His teammates sprinted towards the mound to celebrate with Andrew and the beautiful memories didn’t end there.

“Coach B came out and gave me a hug and he had a tear in his eye,” Andrew said. “It’s the first time I’ve seen him with tears, and it meant a lot to me. We walked down the left-field line, and he gave my dad the game ball.”

Andrew was able to get his father’s attention.

“Hey dad, dad,” he said.

And Justin’s response?

“Nice job, son. Well done.”

Cito got home and one of the first things his dad told him was “don’t get too cocky, because of this,” and Andrew promised his father he wouldn’t.

Andrew said his coaches and teammates have meant everything to him, and they have been incredibly supportive.

The game of baseball has also served as a good distraction.

This is a photo of the Cito’s in better times.

I asked Andrew if he had a message for his parents.

“I want my dad to know that I’ll do everything I can to make your life easier. I also want you to know that even when you’re gone, the lessons you’ve taught Dylan and I will stay with us for a lifetime. To my mom, I can’t put into words how strong and remarkable you’ve been, and how much it means to us. We want you to let us know how we can help and make life easier on you as well. Dylan and I love both of you guys so much.”

When his senior year at Monrovia is over, Andrew wants to continue pitching in college.

He’s been accepted at the University of Nevada, Reno and Boise State, but Andrew Cito said his dream is to pitch for Cal Poly San Luis Obispo.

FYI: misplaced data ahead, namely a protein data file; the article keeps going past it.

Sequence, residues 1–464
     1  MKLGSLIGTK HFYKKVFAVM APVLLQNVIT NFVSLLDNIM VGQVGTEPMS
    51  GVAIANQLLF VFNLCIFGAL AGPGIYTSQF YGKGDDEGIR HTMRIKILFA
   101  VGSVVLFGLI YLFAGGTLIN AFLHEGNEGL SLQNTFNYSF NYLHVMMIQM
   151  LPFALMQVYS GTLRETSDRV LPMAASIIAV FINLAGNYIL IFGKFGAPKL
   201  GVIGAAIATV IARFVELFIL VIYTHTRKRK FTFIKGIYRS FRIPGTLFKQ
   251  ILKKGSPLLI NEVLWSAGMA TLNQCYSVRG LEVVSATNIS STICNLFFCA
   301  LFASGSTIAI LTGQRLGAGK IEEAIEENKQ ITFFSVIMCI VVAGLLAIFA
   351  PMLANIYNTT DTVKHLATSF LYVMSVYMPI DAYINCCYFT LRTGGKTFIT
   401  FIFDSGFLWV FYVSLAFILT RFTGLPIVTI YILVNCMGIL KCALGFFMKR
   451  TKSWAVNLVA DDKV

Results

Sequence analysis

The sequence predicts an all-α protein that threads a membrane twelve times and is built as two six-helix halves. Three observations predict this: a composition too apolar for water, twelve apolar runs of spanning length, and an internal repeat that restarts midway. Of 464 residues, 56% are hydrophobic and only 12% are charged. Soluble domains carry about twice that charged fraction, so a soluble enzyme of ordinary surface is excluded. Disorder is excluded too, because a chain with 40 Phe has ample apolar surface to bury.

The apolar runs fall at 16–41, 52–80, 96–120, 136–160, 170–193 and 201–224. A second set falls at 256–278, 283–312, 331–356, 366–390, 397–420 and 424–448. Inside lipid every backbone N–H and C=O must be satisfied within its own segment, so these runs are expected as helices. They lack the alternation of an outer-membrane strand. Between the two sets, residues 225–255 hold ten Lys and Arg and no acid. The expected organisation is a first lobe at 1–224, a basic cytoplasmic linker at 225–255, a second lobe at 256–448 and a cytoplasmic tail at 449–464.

How did his coach describe Andrew Cito?

Said Brad Blackmore: “Andrew has been in my program all four years, and he’s always been a good, successful pitcher. As a senior, he’s become one of our leaders. He is a tremendous competitor, he works fast and efficient, and he’s developed into a great starting pitcher. Andrew is loved by his teammates and coaches, always is available, and sets a great example for our younger guys. With his dad’s illness, he has held a strong toughness and focus during trying times. I know it has taken a toll on him, but he has been focused on being a good brother and son and getting ready for the season. I think it’s an unbelievable example for our younger players of perseverance. I couldn’t be prouder of that young man.”

Just below are some game notes.

Andrew Cito throws a no-hitter in a 4-0 victory over Glendale.

Cito faced the minimum 21 batters with some help from freshman catcher, Braydon Blackmore.

Cito didn’t issue a walk and struck out four batters.

Joshua Griffiths scored one run, had an RBI single, and he drove home another on a sac fly.

Julian Fernandez and Troy Grise singled and scored one run apiece.

Noah Ellison drove in a run on a sac fly, and he scored once for the Wildcats.

Tristan Oandasan also had an RBI fly out.

Up next: The Wildcats will host Alhambra on Tuesday at 3.

Box Score:
G: 0-0-0-0-0-0-0-(0)
M: 1-0-3-0-0-0-X-(4)

Win: Andrew Cito
Loss: Derek Chalian

2B: Joshua Griffiths (M)

Records: Glendale (0-4); Monrovia (3-0)